Calling him “the Mayor of Jackson Heights,” Councilman Daniel Dromm announced that community leader Steven Knobel died earlier this month at age 77.
Originally raised in Far Rockaway, Knobel moved to Jackson Heights in 1973 after marrying his wife, Suzanne. Knobel became an activist with the Jewish Center of Jackson Heights and served as its president for more than 20 years.
“I join thousands of Jackson Heights residents in honoring the memory of Steve Knobel, a beloved civic leader and ‘Mayor’ of Jackson Heights,” Dromm said. “As longtime president of the Jewish Center of Jackson Heights, he understood the importance of community service.”
On its centennial, Congresswoman Alexandria Ocasio-Cortez recognized the Jewish Center of Jackson Heights in a speech from the House floor in November, calling it a “community anchor.”
“The center was founded as the Queens Independent Society in 1920 when a few Jewish families looked for a space to congregate in Jackson Heights,” Ocasio-Cortez said during her speech. “It was first called the Queens Independent Society because the term ‘Jewish’ was not permitted at the time. The original building itself was based in Woodside because at the time Jews were not welcome in the neighborhood of Jackson Heights.”
In 1928, the center was able to rename itself the Jewish Center of Jackson Heights and in the late 1950s, they officially moved their brick-and-mortar home into the community they are today. Its current location at the corner of 37th Avenue and 77th Street opened in 2000.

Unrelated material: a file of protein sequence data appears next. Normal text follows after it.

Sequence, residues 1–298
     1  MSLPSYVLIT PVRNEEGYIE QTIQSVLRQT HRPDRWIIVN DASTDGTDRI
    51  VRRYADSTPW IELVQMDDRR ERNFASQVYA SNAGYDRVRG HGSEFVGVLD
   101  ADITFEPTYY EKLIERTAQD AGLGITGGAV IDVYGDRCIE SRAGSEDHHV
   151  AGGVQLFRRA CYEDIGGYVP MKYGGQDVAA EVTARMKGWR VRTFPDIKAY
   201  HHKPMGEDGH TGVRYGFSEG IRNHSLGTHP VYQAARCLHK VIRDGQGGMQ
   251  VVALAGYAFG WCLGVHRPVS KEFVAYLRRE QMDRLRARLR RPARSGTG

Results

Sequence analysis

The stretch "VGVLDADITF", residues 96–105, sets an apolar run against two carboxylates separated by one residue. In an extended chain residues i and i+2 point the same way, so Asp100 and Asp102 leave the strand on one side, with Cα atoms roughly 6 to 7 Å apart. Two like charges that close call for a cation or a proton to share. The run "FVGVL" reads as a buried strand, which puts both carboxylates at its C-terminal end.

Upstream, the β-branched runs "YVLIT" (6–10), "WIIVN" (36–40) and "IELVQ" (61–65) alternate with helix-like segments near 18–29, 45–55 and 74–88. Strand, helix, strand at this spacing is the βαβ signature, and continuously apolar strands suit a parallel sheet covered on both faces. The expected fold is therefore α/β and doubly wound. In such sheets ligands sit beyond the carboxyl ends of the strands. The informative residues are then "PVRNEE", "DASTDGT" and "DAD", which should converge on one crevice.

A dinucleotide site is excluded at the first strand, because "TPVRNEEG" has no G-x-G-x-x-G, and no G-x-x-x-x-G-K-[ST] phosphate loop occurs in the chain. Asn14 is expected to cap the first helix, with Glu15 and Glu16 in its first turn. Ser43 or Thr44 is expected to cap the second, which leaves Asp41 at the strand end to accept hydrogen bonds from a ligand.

Knobel was proud of the many programs the Jewish Center offered over the years, which included piano lessons for children, ESL classes for immigrants, tutoring sessions for young people, “Broadway & Bagel” performances, lectures, opera concerts and more, according to Dromm. He was a strong supporter of the LGBTQ+ community and Knobel was especially proud that the Queens Center for Gay Seniors is housed at the Jewish Center.
“Under Steve’s leadership, the Jewish Center was a safe place for all and a true microcosm of Jackson Heights,” Dromm said. “As a Conservative Jewish congregation, LGBTQ nonprofit organizations, a law firm and a Pentecostal church were all welcome there. I will miss Steve’s roguish sense of humor and, most of all, his spirit of service. My heart goes out to his surviving wife, Suzanne, who herself is a mainstay in the neighborhood.”
Dromm added that Knobel made everyone he met in the center feel welcome. Although Knobel faced multiple health issues and challenges over the last few years, “he always had a smile on his face and maintained a positive attitude, even after becoming a bilateral amputee, he never lost his good nature and his passion for community service,” Dromm said.
A graveside service for Knobel was held Jan. 8 at Montefiore Cemetery in Springfield Gardens.